Faine Greenwood writes: As COVID-19 swept through the world in early 2020, technology companies scrambled to repurpose their products to fight the pandemic. This repurposing was especially pronounced in the civilian drone industry, whose companies predicted that the pandemic would prove the value of their map-making, inspection, and delivery technology. As drones were adapted for everything from monitoring social-distance requirements to delivering medical supplies, companies hoped that a historically drone-skeptical public might be won over by the technology once and for all.
ESA writes: ESA’s Juice mission to Jupiter has successfully endured a month of space-like conditions inside the Large Space Simulator, the largest vacuum chamber in Europe.
Mike Butcher writes: Cast your mind back to that scene in Minority Report where all those autonomous cars are whizzing through the city. The more practically-minded of you may well have gone: “Yeah, but what about the insurance…?”.
Omar H. Rahman writes: The development of open, friendly relations between Israel and some Gulf Arab states has emerged as a significant new dynamic of the 21st century Middle East.
Pierluigi Paganini writes: The Babuk ransomware operators seem to have suffered a ransomware attack, threat actors flooded their forum gay orgy porn images.
go to Security Affairs: Hackers flooded the Babuk ransomware gang’s forum with porn imagesSecurity Affairs
Global Times writes: Lowering trade tariffs and barriers and promoting liberalization of cross-border trade and investment are important measures to address climate change, and facilitate sustainable development, according to a spokesperson from the Ministry of Ecology and Environment (MEE) on Monday in response to the carbon border tax being considered by the EU.
Barun Mitra writes: July 2021 marks the 30th anniversary of the economic liberalization in India. The liberalization began in 1991, with Dr. Manmohan Singh as the then-Finance Minister in the Congress-led coalition government headed by Mr. P.V. Narasimha Rao. Facing a severe balance of payment crisis and battling a situation where the country’s foreign exchange reserves had fallen to less than one billion dollars; an amount that was barely enough to last for 3 weeks of imports of essential goods. The then government decided to liberalize international trade, lower tariffs on imports, devalue the rupee and significantly dismantle the license and quota system that had hobbled most Indian industries.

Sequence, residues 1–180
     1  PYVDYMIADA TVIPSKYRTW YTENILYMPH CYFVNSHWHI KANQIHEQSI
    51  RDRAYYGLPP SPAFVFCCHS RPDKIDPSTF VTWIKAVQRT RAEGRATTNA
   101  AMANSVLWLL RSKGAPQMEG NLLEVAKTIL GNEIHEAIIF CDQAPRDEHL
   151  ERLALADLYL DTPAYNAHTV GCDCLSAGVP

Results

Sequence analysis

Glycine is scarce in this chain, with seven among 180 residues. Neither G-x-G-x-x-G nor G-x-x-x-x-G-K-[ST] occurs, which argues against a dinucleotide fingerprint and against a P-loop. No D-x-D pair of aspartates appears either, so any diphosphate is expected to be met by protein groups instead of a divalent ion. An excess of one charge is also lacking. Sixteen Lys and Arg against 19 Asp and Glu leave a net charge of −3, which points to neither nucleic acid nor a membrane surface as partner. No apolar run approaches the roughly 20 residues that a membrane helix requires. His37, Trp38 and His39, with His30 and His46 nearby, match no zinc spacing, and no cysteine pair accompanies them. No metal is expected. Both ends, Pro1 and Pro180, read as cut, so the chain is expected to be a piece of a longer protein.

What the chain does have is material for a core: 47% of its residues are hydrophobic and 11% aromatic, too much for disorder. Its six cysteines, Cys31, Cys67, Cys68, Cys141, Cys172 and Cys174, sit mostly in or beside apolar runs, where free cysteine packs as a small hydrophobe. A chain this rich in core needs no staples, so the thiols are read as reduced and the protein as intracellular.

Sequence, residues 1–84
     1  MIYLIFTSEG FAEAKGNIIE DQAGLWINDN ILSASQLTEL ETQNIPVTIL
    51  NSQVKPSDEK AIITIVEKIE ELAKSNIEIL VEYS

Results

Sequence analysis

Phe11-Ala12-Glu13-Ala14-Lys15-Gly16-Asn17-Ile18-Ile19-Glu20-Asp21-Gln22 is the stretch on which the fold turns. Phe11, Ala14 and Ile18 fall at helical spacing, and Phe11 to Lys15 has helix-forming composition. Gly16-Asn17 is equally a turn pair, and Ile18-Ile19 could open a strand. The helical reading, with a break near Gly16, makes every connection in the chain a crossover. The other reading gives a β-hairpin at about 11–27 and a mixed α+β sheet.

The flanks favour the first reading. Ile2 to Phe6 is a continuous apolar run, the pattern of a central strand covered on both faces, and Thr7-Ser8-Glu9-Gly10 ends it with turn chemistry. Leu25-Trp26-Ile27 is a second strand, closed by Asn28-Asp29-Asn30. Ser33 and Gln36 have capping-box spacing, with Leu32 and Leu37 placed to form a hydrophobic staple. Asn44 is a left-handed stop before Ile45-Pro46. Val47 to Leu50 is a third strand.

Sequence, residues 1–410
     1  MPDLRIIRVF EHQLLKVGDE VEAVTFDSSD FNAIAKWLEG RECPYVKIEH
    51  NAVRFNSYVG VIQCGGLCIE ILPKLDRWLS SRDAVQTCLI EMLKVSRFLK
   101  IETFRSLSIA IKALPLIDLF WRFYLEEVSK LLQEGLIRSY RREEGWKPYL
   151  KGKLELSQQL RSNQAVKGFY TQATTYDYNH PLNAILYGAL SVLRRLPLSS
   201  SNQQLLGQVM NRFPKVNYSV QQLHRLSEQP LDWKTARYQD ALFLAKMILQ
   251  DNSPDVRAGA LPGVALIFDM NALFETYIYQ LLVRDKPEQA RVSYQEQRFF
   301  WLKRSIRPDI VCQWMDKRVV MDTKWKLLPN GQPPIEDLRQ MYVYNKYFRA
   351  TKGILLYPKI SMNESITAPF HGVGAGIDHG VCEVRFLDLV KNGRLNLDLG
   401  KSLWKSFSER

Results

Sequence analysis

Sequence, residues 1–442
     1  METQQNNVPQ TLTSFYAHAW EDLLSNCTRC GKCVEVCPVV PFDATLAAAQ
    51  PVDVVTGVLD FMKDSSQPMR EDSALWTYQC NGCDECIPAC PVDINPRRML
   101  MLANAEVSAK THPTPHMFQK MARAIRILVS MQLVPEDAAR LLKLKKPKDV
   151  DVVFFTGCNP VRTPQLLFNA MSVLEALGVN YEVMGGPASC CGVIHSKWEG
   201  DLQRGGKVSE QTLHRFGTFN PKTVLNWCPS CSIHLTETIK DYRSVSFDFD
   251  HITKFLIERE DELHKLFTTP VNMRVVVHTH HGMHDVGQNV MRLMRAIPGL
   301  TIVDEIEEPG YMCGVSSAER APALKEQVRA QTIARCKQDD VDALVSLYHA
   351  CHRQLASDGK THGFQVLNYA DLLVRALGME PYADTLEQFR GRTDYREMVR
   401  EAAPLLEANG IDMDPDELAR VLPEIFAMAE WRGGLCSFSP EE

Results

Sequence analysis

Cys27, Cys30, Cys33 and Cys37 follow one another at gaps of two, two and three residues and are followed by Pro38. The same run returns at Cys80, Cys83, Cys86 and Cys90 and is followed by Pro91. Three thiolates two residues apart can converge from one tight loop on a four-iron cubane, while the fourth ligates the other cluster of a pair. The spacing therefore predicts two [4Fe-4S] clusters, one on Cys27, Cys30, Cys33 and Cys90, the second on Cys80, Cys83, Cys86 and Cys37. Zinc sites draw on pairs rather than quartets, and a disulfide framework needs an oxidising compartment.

go to Friedrich Naumann Foundation: Economy: Politics of Economic Reforms: Real Lessons from 1991 (freiheit.org)
Al Jazeera writes: Pakistani Prime Minister Imran Khan’s ruling Pakistan Tehreek-e-Insaf (PTI) party has won a majority of seats in elections for the legislative assembly of Pakistan-administered Kashmir, preliminary results say.
Julia Kaufman Janeen Madan Keller Rachel Silverman write: Health sector investments present an opportunity for the US International Development Finance Corporation (DFC), under the Biden-Harris administration, to demonstrate meaningful global leadership and refocus on its development mandate, driving broader health benefits and contributing to global economic recovery. DFC’s early days have been defined by a mixed record, notably in the health sector. Still, in the context of the pandemic’s health and economic impacts, the agency is well positioned to help strengthen pandemic preparedness and expand equitable access to health products and innovation in low- and middle-income countries. Through investments to build private sector manufacturing and delivery capacity, DFC can help stem and reverse these losses and insure against future health crises.
go to Center for Global Development: Exploring How the US International Development Finance Corporation Can Support Health Sector Investments: Is the Glass Half Full or Half Empty? | Center For Global Development (cgdev.org)